Industry redefined by homeownership

Tougher second-time replacement sells and the shift away from home ownership, are driving long-term change in the window and door industry, according to Robert Palmer of Palmer Market Research who was speaking at the recent FIT Show.

He said first time window and door replacements had dropped from 80% in 2000 to less than 30% in 2015, with ‘replacement of replacement’ installations now accounting for 70% of all installations.

He argued that this was driving increased focus on aesthetics.

“Homeowners want something that is tangibly different and the appearance of windows is increasingly important in the market,” he said.

“That in turn is driving innovation in the industry and the shift to premium finishes and foils in retail markets.

“While there will always be a place for standard budget white PVCU, there has been definite shift in consumer expectation. The industry has responded with foils and premium finishes as well as the very substantial growth that we’re seeing in demand for aluminium.”

Robert said aluminium is on course to reach a 17-year high by 2020, topping 220,000 frames by the end of the three-year period.  

This, he said, would be delivered by significant growth in the bifold market, which he forecast was set for growth of 30% through to 2020 in all material types to 55,000 door sets. Of these, he predicted that aluminium would take the lion’s share of the market at 35,000 units.

Robert cited ‘exponential growth’ in the solid roof conservatory market as a second key area of opportunity. According to ‘The Window, Door and Conservatory Markets in Housing in Great Britain (October 2016)’ the market for replacement conservatory roofs was up 62% in 2015 to 11,200 installations, and is forecast for continuing growth through to 2020.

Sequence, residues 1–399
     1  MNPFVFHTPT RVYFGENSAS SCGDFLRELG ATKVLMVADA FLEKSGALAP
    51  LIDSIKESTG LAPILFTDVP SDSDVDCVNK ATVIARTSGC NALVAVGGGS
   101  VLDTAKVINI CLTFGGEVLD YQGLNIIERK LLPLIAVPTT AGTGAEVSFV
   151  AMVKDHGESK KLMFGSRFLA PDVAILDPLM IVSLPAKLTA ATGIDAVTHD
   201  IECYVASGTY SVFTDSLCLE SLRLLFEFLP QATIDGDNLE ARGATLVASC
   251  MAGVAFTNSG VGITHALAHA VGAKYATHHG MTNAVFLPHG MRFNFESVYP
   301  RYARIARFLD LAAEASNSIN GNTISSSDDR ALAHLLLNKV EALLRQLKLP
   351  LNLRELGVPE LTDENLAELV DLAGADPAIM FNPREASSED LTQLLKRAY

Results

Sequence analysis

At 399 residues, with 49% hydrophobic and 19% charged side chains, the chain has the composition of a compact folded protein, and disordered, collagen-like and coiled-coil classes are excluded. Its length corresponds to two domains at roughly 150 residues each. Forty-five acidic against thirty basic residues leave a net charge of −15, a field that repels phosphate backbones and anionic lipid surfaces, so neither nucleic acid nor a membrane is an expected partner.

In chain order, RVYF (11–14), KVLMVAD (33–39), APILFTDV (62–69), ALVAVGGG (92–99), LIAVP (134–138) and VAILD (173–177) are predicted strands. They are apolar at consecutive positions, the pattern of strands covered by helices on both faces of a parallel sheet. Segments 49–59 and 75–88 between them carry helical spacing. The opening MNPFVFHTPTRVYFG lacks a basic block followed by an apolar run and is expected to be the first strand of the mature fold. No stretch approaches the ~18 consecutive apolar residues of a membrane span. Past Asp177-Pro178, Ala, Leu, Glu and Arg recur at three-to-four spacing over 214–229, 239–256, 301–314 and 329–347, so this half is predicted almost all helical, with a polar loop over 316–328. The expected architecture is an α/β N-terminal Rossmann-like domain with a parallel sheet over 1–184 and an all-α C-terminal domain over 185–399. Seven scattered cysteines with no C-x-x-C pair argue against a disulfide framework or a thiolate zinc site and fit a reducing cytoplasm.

He also forecast continuing if steady growth in the composite door market, which he said would increase to around 850,000 door sets per annum in the next three years.

However, he tempered forecasts with predictions of continuing challenge. Alongside the shift to tougher second-time replacement sells, Robert said that the long-term decline in homeownership was also driving a long-term change in the market. This has dropped from a peak of 14.8 million in 2005 to below 14.3 million last year.

Conversely the private rental sector was up from around two million properties in 2005 to 4.5 million.

“The private rental market tends to be, again, that little bit tougher and price driven. There are, however, incentives. Or, perhaps more accurately, disincentives for not doing so – to improve the energy efficiency of their properties.

“MEES (minimum energy efficiency standards) give landlords just a year to bring the energy performance certificate (EPC) rating of their properties to no lower than E for new tenants and to all existing tenancies from 01 April 2020,” Robert said.

“Brexit is clearly also an influence. What that influence will be right now is very difficult to predict as we know so very little about its potential shape.”